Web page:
International Justice in Africa: Defining Authority and Localizing the Global
iCourts Working Paper Series No. 86
17 Pages Posted: 15 Feb 2017
Date Written: February 15, 2017
When discussions about international law and justice in Africa arise, the narrative is generally predictable. Africa is commonly characterized as a continent that is unable to meet international standards in this domain and thus requires intervention from the outside to insure accountability for serious crimes and the protection of human rights. Commentary on the relationship between the International Criminal Court and its African member states tends to exemplify this narrative.
This paper argues that the African continent should instead be seen as the source of many innovative strategies for applying globally accepted legal principles at the local level. This can be seen in the domain of international criminal justice, as well as in the work of regional human rights bodies and courts of regional integration, the latter proving themselves surprisingly activist in the sphere of human rights protections. In order to better analyze this phenomenon, the framework on the variable authority of international courts, developed by Karen Alter, Laurence Helfer, and Mikael Rask Madsen, is applied to the African justice context.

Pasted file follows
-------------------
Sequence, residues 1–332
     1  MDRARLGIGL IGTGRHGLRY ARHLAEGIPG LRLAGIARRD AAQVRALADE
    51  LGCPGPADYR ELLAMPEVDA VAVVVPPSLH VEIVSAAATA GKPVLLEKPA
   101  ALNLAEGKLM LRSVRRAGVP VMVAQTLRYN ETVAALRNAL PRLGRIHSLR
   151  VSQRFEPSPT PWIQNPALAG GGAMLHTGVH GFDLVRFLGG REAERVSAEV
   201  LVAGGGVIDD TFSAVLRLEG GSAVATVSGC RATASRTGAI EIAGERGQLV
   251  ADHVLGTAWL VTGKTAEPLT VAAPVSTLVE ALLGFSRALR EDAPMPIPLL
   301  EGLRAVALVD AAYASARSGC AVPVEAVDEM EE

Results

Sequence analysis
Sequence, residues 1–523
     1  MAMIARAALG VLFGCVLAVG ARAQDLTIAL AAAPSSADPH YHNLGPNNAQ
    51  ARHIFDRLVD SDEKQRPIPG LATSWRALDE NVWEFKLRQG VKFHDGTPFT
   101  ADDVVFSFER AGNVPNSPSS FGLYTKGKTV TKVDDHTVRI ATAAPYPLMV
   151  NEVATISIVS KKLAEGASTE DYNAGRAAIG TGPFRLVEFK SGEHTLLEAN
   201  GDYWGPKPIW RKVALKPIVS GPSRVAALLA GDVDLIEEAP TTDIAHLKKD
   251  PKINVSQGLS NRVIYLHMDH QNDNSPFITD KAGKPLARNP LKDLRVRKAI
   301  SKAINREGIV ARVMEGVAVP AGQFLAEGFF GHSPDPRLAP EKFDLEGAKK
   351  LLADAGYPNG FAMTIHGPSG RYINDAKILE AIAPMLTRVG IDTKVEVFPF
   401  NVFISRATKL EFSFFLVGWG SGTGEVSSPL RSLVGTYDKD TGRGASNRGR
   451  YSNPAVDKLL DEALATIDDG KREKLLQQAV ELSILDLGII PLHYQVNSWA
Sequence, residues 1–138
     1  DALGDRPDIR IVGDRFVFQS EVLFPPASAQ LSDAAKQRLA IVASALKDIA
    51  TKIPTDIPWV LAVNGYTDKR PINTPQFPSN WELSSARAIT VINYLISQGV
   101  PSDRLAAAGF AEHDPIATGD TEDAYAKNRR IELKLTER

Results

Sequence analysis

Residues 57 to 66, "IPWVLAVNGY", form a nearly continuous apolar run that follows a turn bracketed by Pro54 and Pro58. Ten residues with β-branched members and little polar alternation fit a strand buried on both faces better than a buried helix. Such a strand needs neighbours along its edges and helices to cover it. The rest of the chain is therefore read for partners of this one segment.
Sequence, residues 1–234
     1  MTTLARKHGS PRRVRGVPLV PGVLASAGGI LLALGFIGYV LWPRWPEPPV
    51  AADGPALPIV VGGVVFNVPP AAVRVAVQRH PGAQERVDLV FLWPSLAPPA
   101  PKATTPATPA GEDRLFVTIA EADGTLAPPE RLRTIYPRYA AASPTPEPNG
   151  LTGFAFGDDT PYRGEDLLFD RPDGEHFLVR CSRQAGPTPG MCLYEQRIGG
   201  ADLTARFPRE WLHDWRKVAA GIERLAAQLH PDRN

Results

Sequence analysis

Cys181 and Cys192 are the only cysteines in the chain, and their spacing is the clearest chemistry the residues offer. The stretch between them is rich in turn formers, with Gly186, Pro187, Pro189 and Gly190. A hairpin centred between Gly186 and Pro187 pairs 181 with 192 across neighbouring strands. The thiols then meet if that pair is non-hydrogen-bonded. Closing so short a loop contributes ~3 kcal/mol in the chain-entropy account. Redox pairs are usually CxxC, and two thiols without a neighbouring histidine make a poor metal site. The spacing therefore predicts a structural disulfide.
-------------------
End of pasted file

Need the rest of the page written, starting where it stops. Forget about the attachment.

This paper concludes that the sometimes exceptional judicial configurations, practices and interpretations found in Africa should be recognized internationally for what they are: expressions of a significant consensus on the part of African legal practitioners, jurists, and activists – if not always the authorities – about the need to protect fundamental human rights and challenge impunity on the African continent.
Keywords: international courts; authority; human rights; Africa
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